So what does this mean?  Not much really.  Perhaps the “lights every time” slogan was used in a radio jingle and not in print ads.  Or perhaps the troops mistakenly attributed the slogan to the Ronson brand.  However, based on the available print ads its probably fair to question the validity of the “lights every time” myth.

For those wanting to examine a large number of Ronson ads arraigned by date, please consult this page.

Below is a sample of Ronson ads

From the Vault: The External Gun Turret (ARMOR Jan-Feb 1996)

With all the attention focused on the new Russian T14 Armata tank, we thought it was appropriate to post this article from the Jan-Feb 1996 issue of ARMOR on the issues involved with an external gun turret.  According to what is known so far about the Armata, it features all three crewmen seated in the hull with an unmanned turret.  The article addresses some of the advantages and disadvantages of such a layout, although it is primarily critical of the idea.  Of course, the article is almost 20 years old so the author’s concerns about crew visibility and situational awareness do not take into account the huge advances in miniaturized cameras and video devices in the past decade.

BAE integrates “active damping” system to CV90 suspension is reporting that defense contractor BAE has incorporated “Formula One” suspension technology into the CV90 infantry fighting vehicle.  Referred to as an “active damping suspension”, these systems have been used in Formula One race cars since the early 90’s.  The system functions by sensing the speed of the vehicle and lay-out of the terrain ahead and responding by adjusting the suspension to keep the CV90 level, which reduces the wear and tear on the vehicle. Originally operational on carbon-fibre racing cars weighing no more than 700kg, the suspension system has been modified for the first time, to work on heavy tracked vehicles weighing up to 35 tons.  Reportedly, the suspension enables the vehicle to travel up to 40% faster than existing armored vehicles.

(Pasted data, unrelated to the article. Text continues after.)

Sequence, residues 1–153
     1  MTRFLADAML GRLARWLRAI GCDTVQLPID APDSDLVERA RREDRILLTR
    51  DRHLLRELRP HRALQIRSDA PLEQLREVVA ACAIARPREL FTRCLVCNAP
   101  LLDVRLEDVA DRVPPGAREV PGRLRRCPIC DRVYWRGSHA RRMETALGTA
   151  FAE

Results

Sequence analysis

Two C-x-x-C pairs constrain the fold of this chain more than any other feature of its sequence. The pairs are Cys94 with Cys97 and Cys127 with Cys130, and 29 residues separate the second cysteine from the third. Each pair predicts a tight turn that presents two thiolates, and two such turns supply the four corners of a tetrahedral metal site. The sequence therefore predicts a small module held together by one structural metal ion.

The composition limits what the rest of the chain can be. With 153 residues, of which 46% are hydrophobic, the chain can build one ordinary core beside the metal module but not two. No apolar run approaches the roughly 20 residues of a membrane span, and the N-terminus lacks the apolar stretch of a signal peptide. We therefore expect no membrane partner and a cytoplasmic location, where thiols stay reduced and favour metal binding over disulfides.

The full article can be read here.

Leichttraktor pictures and documents from Swedish Tank Archives blog

leichttracktorRen Hanxue, creator of the Swedish Tank Archives blog, recently posted a PDF of documents and pictures from the Swedish Archives pertaining to the German Leichttraktor.  The documents are of course in German so we are not entirely sure what they contain.  However, the pictures are very interesting, providing shots of not just the vehicle but also of some of the automotive components and subsystems.  The Leichttraktor is a fairly obscure vehicle, being a German post WWI design that never saw mass production.  It is most widely known as the tier one German tank in the World of Tanks video game, where it is commonly referred to as the “Loltraktor.”

The PDF is available here.

We highly recommend Swedish Tank Archives.  People with an interest in Swedish tanks will find it a valuable resource.  The site also contains documents relating to Swedish evaluations of foreign vehicles such as the Chieftain, AMX 13, and T-80U.  Ren Hanxue also maintains a youtube page with some videos if Swedish tank terrain trails including Centurion, Strv 104, T-72 and T-80 tanks.